Unlike existing low-viscosity compositions, such as PROXYGEL, which are placed drop-by-drop into the tray, the dental compositions within the scope of the present invention have a viscosity such that they cannot be dispensed drop-wise into a dental tray from a bottle. Positive pressure is needed to expel the dental compositions of the present invention from the container; gravity is not sufficient.

One currently preferred method of dispensing the inventive dental compositions is by means of a syringe. Squeezable tubes and other similar dispensing devices may also be used to dispense the compositions. Upon dispensing, the dental compositions are sufficiently viscous that they do not easily settle or spread once dispensed, but will generally remain as a single extruded strand or bead of dental composition.

It is currently preferred to provide a unit dose of the dental compositions in a syringe or similar dispensing device. In this way, the person can load the precise amount of dental composition onto the dental tray for each treatment period. By using such dispensing devices, the dentist is also able to monitor how many doses the person has received and used.

Although not required, the dental compositions of the present invention are preferably used to treat a person's teeth in conjunction with dental trays that exert little or no significant mechanical pressure onto a person's teeth and gums. The result is a more comfortable and pleasant feeling dental tray, unlike prior art dental trays which are generally rigid and/or thick-walled such that they exert sufficient mechanical pressures onto the teeth and/or gums to be "self-retaining". That is, prior dental trays can be used with dental compositions which are neither sticky nor viscous since the compositions are not relied upon to adhere and retain the self-retaining prior art dental trays. In contrast, preferred dental trays used according to the present invention exert little if any significant mechanical pressure onto a person's teeth and/or gums.

In the general process for preparing the dental trays according to the present invention, an alginate impression is made which registers all teeth surfaces plus the gingival margin. Thereafter, a stone cast is made of the impression. Excess stone can be trimmed away for easy manipulation and forming the dental tray.

Reference is now made to FIGS. 1-4. In a preferred method for forming a dental tray, one or more reservoirs can be formed in the resultant dental tray by applying a thin coating 10 of a rigid material to the stone cast 12 corresponding to teeth where it is desired to provide more of the dental composition. As depicted in FIG. 1, the coating 10 may be applied using a brush tipped applicator 14. The coating may also be light curable for convenience. In those instances where the dental tray is to be trimmed below the gingival margin, the coating material will preferably be applied in a manner that is kept at a distance greater than about 1 mm from the gingival line 16, more preferably in a range from about 1.25 to about 1.5 mm from the gingival line 16.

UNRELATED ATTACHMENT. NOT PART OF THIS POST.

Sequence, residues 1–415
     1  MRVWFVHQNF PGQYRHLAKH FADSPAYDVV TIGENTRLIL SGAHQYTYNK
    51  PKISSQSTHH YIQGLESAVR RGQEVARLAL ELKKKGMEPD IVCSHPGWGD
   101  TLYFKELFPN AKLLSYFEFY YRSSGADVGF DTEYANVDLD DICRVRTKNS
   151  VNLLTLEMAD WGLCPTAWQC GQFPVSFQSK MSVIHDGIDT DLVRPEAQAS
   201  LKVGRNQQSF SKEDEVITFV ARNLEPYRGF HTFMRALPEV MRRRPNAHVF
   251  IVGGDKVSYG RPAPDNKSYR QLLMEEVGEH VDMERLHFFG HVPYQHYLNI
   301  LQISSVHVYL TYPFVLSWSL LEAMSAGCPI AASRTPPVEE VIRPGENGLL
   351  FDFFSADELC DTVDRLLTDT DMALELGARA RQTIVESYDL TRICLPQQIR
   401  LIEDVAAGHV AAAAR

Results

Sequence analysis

The finished coating will have a thickness corresponding to the desired reservoir depth, which will commonly be about 0.5 mm. It is generally preferred that the rigid coating material not be applied over the stone cast corresponding to the incisal edges 18 and occlusal edges 20 of the person's teeth. This because it is preferable for the incisal edges and occlusal edges of the person's actual teeth to contact the finished tray in order to prevent or reduce vertical movement of the tray during use, which movement could act as a pump that could express the dental composition from the tray and result in the intake of saliva within the dental tray.

A dental tray 22 is then vacuum formed from the stone cast using conventional techniques. The dental tray 22 is preferably constructed of a soft transparent vinyl material preferably having a preformed thickness in a range from about 0.5 mm to about 2 mm, more preferably in a range from about 1 mm to about 1.5 mm. Soft materials yield dental trays that are more comfortable for the patient to wear. It will be appreciated that the final tray thickness may vary depending on the technique used to prepare the tray, as well as the size and shape of the person's teeth. Patients suspected of being breuxers or hard biters may require either a thicker or a harder material. Of course, patients should be counselled not to eat with trays in place or to bite firmly into them.

Once formed, the dental tray 22 is preferably trimmed barely shy of the gingival margin 16 of the person's teeth on both the buccal and lingual surfaces for maximum comfort. Enough tray material should be left to assure that the teeth will be covered to within about 1/4 mm to about 1/3 mm of the gingival border upon finishing and beveling of the tray periphery. It is also generally preferred to scallop up and around the interdental papilla so that the finished tray does not cover them. The tray edges are preferably smoothed so that the lip and tongue will not feel an edge prominence. Slight adjustments to the tray may be made by carefully heating and stretching the tray material.

From practice, it has been found that patients may experience less tooth discomfort from tray pressures when using a tray with reservoirs built into the tray as described above. It is currently believed this is due to the fact that the teeth are not held as firmly by the tray, so "orthodontic" pressures experienced by teeth from tray discrepancies are minimized. The use of thin, soft tray materials further minimizes these "orthodontic" forces, compared to the harder plastics currently used in the art, such as those described in U.S. Pat. No. Re 34,196 to Munro. Reservoirs, of course, provide more of the dental composition to the person's teeth corresponding to the reservoirs.